Tag Archives: Pittsburgh

Faculty Field Trip: Clayton (The Frick Family Home)



Leepaxton at en.wikipedia [CC-BY-SA-3.0-2.5-2.0-1.0 (http://creativecommons.org/licenses/by-sa/3.0), GFDL (http://www.gnu.org/copyleft/fdl.html)

Yesterday Deb and I took another faculty field trip.  We chose to tour Clayton, the Pittsburgh home of the Henry Clay Frick family.  The Clayton tour is just one of many offerings from the Frick Art and Historical Center. The partnership between Henry Clay Frick and Andrew Carnegie resulted in their both amassing huge fortunes and power as they dominated the steel industry at the turn of the twentieth century.  Their legacy lives on and today you’d be hard pressed to find a  Pittsburgh-er who doesn’t know the names Frick and Carnegie.

This was my first visit to the Frick home and of course the tour was amazing!  I was mesmerized by both the extravagance and the craftsmanship of the home.  Everywhere you look, floor to ceiling, there is something beautiful or interesting to see.  Henry Frick was an art collector, so aesthetics and attention to detail in the construction and decorating of the house were paramount.  I marveled at the craftsmanship, finishing, and sheer amount of the woodwork.  You wouldn’t think one could appreciate the door in Henry’s bedroom as much as the Monet in their sitting room, but I did.  Yet, for all of their opulence, the Fricks were also devoted parents who doted on their children.  This magnificent building feels warm and welcoming and there are pictures of the children in nearly every room.

Our tour guide was Cassie and if you visit the Frick I hope you have the pleasure of having her guide you.  She was not only extremely knowledgeable, but very enthusiastic as well. The only part of her tour that I didn’t like was the part where she said we had to leave our cell phones.  Not that I’m on my phone all the time, but I rely on it to keep notes.  There were so many things that she talked about that I wanted to write down, but I didn’t have the app for that.  Lesson one learned… invest in a small notebook and have a writing implement on faculty field trips.

While we’re on lessons learned here’s another.  Homework should be done before the field trip.  I should have know better.  In graduate school I read Out Of This Furnace by Thomas Bell.  So, somewhere in the dark recesses of my mind I know the story of Frick and Carnegie and the steel mills and the strikes… but that was many books ago.  I should have at least checked out the Frick website and read the history before I went.  If I had I might not be sitting here now wishing I had had a pencil (see lesson one.) Had I explored the website first I also would have also realized that the Frick offers many educational opportunities and resources for both students and teachers, including lessons, professional development, and this video tour of the home:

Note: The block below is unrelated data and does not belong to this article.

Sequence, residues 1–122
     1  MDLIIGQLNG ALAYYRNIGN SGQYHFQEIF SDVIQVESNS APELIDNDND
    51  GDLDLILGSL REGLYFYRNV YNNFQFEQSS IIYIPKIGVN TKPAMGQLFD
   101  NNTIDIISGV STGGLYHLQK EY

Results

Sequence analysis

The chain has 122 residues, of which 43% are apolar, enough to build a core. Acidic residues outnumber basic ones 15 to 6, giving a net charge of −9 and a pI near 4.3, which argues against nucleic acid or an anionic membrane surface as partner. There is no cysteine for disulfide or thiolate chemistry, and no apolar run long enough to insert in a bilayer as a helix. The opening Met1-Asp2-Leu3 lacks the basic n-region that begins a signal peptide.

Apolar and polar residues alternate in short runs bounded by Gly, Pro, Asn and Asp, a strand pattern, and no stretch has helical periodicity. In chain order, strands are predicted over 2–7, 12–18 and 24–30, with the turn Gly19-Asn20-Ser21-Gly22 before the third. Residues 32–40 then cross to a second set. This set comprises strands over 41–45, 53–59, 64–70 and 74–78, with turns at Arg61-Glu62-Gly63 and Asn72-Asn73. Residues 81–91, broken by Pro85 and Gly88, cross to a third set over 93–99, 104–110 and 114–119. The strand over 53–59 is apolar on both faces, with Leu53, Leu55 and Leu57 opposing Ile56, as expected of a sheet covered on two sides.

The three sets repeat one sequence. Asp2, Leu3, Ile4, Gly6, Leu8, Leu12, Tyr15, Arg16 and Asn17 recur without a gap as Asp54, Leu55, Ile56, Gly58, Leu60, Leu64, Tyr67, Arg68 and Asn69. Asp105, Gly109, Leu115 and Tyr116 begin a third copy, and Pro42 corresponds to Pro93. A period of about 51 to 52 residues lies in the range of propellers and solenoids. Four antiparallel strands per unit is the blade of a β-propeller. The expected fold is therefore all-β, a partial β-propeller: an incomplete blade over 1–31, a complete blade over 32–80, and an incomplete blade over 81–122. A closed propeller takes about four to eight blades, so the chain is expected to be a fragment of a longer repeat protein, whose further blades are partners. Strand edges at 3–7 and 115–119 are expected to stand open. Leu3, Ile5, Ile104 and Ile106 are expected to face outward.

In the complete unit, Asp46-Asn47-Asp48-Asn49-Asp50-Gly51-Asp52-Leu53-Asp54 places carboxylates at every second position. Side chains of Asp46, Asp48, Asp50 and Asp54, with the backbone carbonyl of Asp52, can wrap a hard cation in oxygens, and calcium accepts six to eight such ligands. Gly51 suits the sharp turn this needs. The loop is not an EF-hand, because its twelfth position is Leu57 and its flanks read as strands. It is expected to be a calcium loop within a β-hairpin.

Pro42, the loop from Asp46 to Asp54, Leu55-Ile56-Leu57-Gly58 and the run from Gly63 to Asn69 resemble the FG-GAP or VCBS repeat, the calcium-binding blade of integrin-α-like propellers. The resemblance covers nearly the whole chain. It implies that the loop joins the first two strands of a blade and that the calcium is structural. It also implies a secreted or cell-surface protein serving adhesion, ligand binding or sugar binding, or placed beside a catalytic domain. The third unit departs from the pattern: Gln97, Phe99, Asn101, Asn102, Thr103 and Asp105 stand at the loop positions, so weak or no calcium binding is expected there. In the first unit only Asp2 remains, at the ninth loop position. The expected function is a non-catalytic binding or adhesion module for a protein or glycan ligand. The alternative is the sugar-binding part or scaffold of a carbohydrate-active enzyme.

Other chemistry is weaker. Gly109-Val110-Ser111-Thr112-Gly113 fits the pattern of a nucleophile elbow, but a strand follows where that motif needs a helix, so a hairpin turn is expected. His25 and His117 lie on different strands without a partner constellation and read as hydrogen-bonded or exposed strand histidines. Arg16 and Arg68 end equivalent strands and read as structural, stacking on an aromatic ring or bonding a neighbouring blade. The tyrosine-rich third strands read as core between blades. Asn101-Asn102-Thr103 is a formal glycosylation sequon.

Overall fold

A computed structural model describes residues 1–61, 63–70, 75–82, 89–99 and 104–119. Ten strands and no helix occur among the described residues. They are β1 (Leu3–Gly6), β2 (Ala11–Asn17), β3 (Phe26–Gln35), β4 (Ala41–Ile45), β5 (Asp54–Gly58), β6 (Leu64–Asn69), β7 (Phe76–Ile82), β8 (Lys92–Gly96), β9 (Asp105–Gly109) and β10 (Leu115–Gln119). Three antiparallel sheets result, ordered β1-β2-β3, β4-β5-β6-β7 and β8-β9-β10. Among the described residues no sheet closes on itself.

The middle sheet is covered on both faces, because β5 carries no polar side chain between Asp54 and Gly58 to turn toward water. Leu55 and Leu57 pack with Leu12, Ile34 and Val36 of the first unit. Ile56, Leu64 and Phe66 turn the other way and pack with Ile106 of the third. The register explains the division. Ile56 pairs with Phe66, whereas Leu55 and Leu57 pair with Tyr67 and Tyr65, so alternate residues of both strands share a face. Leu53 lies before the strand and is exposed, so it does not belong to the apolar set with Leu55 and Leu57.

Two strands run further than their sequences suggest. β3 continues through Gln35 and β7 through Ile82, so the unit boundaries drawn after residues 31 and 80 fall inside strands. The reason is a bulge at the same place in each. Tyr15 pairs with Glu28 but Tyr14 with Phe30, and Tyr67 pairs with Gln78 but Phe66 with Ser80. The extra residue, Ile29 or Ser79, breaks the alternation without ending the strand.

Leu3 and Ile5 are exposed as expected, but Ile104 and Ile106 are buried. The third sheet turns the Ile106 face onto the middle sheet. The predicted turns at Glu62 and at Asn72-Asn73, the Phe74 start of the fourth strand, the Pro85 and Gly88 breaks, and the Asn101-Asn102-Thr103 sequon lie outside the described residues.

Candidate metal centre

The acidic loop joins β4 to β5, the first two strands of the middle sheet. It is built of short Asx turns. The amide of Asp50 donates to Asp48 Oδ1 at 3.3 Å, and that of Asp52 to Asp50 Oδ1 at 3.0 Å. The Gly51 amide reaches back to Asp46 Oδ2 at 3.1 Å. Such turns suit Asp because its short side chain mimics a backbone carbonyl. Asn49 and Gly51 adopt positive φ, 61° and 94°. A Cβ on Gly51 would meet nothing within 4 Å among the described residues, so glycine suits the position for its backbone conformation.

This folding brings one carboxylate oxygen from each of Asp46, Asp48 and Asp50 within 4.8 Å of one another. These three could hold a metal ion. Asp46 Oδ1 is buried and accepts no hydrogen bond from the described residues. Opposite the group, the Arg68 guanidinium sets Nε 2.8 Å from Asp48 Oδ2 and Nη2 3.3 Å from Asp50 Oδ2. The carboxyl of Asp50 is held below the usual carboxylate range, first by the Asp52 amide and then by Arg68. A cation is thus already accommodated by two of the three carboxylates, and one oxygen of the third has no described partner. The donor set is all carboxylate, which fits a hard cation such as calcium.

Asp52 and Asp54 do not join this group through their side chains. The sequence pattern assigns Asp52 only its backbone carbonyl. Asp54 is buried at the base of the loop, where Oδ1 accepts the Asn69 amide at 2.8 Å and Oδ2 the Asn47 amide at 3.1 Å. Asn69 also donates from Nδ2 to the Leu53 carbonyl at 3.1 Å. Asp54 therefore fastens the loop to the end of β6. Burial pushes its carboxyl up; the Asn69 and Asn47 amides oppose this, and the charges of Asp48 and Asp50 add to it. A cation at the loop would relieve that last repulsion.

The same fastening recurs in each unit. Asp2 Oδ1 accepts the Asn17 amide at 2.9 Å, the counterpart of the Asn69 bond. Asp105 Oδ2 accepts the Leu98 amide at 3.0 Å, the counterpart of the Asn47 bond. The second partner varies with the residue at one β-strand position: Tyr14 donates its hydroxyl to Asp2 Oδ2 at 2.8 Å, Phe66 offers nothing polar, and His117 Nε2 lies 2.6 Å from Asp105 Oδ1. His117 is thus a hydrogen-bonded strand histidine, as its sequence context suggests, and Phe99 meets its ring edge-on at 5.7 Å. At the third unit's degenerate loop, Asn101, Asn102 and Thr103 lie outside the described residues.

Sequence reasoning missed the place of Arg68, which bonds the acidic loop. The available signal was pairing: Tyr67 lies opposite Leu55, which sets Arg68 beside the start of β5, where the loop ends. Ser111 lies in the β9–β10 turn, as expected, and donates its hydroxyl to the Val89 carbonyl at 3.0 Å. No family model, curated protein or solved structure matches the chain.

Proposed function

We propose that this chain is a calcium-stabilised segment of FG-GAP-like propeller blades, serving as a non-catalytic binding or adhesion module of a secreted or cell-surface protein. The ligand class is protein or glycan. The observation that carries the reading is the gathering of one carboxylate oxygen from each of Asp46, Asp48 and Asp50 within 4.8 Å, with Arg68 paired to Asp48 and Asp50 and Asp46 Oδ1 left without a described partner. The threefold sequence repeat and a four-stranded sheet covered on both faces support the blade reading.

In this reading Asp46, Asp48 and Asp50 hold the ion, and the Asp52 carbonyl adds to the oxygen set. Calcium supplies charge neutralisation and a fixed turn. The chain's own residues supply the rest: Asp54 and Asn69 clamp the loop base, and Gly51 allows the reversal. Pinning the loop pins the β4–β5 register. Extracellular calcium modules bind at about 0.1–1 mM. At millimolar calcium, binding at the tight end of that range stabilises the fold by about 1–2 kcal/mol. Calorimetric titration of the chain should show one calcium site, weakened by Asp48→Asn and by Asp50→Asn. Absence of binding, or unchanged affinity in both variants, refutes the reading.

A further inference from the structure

If you have the opportunity, take the time to visit Clayton and see how the other half lived.

Oh… and don’t forget to get dessert at the cafe!

Faculty Field Trip to Randyland


A Visit to Randyland from M E Shenefiel on Vimeo.

There are hidden treasures everywhere!  I learned about Randyland through a tweet from @MrSchuReads (and posted about it here.)  When I told Deb about it, she immediately suggested that we go.  Today we visited Randyland in the Mexican War Streets section of the North Side of Pittsburgh. It’s mesmerizing!

colors and dots and swirls

and lines and colors and flowers

and signs and colors and chairs

and doors

and colors and music and words and colors

and dance and plants



There are just so many details, and there is such inspiration, and it just makes you feel so happy!  It’s like looking through a kaleidoscope with both eyes open.

After spending some time marveling, and giggling (and taking loads of pictures) we headed down about two blocks to the Mattress Factory Museum.  The museum is between installations so there weren’t a lot of pieces to see.  As it turned “not a lot” was just the right amount.  I had never been to the Mattress Factory before and have never experienced anything like it.  Suffice it to say that you’ll have to go an visit in person.  (Who knew there could be spoilers with artwork?)

The big take away though was the idea of faculty field trips.  Standing in the midst of all of that creativity and commitment you become excited about the possibilities.  My mind was racing with ideas for lessons, and displays, and collaboration.

I need more.  Pittsburgh is brimming with these hidden and not-so-hidden treasures.  Get ready EHUE.  We have a plan…